We know that the wildest and most moving dramas are played not in the theatre but in the hearts of ordinary men and women who pass by without exciting attention, and who betray to the world nothing of the conflicts that rage within them except possibly by a nervous breakdown. What is so difficult for the layman to grasp is the fact that in most cases the patients themselves have no suspicion whatever of the internecine war raging in their unconscious. If we remember that there are many people who understand nothing at all about themselves, we shall be less surprised at the realization that there are also people who are utterly unaware of their actual conflicts.
— Carl Jung, "New Paths in Psychology" (1912)
Generally speaking people employ a very primitve model of human cognition and motivation to evaluate the actions of others. Bank fraud is a case in point. The usual assumption about liars and cheaters in the financial system is that they are fully aware of their deceptive actions toward others, that they know exactly what they are doing when they rip people off. But as Duke psychology professor Dan Ariely told the Business Insider's Henry Blodget in the video below—
So we lie in many ways. The standard economic theory is simple, [it states] that people think about cost and benefit. Do we stand to gain? What do we stand to lose? We do a [mental] cost-benefit analysis and we decide [whether to rip people off] or not.
What we actually find when we do experiments, and also when we talk to people, is that this is not the whole picture. It's true that people want to benefit from cheating, but people also want to view themselves as honest, wonderful people.
You do not have to be a brain scientist to see that benefiting from cheating conflicts with viewing oneself as an honest, wonderful person. Therefore typical human behavior in this context and most other contexts involves generous helpings of self-deception. The Wall Street fraudster who asserts his innocence and good intentions typically believes he is innocent and his intentions were good.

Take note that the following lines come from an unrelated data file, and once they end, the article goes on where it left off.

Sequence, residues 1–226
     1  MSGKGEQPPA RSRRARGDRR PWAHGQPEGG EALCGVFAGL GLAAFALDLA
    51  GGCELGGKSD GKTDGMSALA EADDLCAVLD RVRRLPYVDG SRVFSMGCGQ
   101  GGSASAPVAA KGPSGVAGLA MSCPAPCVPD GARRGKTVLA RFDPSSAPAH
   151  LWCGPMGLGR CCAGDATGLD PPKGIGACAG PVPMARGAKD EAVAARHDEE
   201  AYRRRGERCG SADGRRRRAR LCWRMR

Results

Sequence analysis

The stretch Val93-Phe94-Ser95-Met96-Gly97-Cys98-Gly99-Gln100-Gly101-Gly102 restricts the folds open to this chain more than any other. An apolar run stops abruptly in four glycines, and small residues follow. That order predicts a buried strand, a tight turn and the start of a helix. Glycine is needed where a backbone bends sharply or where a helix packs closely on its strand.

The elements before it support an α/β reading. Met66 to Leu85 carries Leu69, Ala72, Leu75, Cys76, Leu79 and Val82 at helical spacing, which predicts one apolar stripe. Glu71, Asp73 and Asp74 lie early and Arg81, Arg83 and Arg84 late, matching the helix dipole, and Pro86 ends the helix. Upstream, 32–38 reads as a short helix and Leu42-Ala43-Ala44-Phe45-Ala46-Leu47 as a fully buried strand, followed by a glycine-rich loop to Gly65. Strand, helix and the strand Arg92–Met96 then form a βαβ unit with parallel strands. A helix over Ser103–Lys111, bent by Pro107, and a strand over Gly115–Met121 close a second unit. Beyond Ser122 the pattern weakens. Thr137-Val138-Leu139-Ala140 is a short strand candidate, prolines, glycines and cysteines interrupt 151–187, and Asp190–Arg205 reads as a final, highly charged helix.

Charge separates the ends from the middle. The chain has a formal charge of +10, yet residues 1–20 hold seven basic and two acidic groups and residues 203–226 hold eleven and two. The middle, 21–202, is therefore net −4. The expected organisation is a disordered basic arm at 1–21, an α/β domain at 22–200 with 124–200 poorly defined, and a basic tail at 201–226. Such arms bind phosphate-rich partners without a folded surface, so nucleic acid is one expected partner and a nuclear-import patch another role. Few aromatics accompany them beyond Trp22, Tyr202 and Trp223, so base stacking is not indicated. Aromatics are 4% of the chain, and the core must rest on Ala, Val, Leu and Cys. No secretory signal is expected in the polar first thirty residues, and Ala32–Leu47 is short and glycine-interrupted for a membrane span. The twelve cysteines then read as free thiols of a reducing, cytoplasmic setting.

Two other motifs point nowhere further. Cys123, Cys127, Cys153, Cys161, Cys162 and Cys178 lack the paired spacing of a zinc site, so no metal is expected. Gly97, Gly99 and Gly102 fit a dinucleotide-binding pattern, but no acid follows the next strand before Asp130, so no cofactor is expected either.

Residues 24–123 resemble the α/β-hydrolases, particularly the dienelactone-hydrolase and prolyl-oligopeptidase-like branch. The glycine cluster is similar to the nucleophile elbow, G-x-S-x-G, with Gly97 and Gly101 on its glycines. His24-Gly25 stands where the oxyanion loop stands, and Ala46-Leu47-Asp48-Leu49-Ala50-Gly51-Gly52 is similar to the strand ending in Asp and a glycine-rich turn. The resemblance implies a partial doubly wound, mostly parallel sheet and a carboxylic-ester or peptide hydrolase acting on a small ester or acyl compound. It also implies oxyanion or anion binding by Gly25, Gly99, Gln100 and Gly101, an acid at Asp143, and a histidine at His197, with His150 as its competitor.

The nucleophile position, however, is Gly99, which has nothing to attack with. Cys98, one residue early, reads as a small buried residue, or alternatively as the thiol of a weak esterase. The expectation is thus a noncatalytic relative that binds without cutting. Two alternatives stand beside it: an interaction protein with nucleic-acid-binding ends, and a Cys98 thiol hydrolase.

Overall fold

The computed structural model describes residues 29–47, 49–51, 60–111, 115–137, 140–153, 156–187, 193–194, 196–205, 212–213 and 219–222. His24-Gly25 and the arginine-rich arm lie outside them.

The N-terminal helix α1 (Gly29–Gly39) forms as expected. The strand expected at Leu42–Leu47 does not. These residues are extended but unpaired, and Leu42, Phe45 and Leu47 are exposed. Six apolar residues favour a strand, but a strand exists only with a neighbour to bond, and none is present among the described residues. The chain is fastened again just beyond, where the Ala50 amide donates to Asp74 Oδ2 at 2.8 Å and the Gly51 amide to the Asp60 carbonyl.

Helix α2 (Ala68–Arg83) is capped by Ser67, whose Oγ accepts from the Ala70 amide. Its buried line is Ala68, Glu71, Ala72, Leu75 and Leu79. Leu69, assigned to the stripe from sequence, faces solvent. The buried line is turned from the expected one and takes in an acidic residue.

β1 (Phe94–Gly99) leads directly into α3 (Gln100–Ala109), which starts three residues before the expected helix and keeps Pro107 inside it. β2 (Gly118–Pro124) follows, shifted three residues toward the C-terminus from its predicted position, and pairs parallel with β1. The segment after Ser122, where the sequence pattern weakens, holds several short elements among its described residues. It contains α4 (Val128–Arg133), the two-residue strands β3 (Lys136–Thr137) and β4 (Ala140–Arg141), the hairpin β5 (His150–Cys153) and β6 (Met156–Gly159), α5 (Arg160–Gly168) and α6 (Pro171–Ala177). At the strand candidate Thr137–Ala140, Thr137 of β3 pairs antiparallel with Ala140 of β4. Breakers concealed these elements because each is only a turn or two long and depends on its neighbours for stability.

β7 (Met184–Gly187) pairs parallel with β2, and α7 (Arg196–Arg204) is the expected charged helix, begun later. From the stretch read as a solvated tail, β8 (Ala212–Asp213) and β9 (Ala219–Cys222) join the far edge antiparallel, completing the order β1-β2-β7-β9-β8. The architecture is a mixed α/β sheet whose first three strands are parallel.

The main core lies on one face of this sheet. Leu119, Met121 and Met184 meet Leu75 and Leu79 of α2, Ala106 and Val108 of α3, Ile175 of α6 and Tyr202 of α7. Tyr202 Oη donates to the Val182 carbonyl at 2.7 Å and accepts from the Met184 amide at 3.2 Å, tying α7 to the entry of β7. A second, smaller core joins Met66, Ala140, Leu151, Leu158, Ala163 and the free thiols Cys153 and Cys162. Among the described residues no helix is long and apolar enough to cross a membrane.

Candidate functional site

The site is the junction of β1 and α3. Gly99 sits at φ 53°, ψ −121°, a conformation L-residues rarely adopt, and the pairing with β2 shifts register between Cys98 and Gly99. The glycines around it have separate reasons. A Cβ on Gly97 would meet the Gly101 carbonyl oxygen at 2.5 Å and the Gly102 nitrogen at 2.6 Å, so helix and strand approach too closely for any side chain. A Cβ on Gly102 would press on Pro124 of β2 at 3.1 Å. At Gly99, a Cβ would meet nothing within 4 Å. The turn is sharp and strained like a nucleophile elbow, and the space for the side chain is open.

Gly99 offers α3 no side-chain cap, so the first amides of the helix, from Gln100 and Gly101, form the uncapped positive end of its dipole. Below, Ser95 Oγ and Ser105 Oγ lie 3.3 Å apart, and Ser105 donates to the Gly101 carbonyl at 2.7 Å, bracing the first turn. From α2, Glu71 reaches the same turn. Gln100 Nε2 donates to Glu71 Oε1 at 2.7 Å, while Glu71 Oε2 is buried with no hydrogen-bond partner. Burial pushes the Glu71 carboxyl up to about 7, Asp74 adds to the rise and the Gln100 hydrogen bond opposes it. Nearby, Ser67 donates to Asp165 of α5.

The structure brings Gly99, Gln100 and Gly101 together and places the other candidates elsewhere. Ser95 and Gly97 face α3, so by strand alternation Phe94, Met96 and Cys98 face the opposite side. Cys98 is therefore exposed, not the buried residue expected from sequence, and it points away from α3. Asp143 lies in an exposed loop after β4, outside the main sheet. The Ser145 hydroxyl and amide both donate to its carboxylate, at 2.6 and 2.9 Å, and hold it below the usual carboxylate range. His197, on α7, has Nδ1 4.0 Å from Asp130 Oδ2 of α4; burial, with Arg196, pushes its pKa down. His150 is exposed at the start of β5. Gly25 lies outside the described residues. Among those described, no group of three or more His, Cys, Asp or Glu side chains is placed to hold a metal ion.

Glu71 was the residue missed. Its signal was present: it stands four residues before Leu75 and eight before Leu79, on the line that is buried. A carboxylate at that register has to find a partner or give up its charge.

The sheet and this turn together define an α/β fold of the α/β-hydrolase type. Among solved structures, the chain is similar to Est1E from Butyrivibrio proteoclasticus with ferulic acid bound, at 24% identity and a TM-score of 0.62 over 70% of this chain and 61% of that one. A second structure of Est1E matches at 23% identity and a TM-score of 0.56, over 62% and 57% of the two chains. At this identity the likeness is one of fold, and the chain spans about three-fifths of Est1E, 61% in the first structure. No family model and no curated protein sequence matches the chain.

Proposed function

To the extent to which the economic system in which the bamboozler operates rationalizes and justifies such behavior—greed is good—he is right about himself. Moreover, when external controls—crime and punishment—are largely absent, as in contemporary American society, nothing contrains the fraudulent behavior which so naturally arises in the mind of bankers or anyone else who spends their days playing with money.
Moral (or ethical) failure must always be understood in psychological terms. The "cost-benefit" analysis of human motivation is laughably primitive and superficial. Such analyses come from economists, who are dangerously wrong about everything they assume about human cognition and behavior. Economists are unqualified to judge how anything works, including the economy, let alone what motivates human action in the economic sphere.
More generally, the most exaggerated manifestation of this primitive model of human cognition comes from conspiracy theorists, who assume as a matter of course that the people fucking us over have sat around some table in a secret room and discussed exactly how they would do it. I'm sure that happens from time to time, but it is the rare exception, not the rule. As Ariely says, there is a strong pyschological requirement to think of yourself as an honest, wonderful person.
I'm sure the Koch Brothers can tell you in very specific detail just honest and wonderful they are. So could former Lehman CEO Richard Fuld. On the other hand, a goodly percentage of those in "financial services" are out and out psychopaths, or borderline psychopaths.
It seems like a long time ago now that Sigmund Freud, Carl Jung and other pioneers of so-called "depth psychology" tried to flesh out how the unconscious works. Most of their work has been forgotten now, or is discounted. This has been and still is a grievous mistake. Ariely mentions rationalization as the main mode of self-deception in his experimental work. This particular cognitive filter is a mainstay on the standard list of psychological defense mechanisms, all of which came to light in the early years of the 20th century.
Think about the mindbogglingly large levels of self-deception that humans must employ to think they can continue to act the way they do economically and not also destroy the very Earthly habitat they depend on.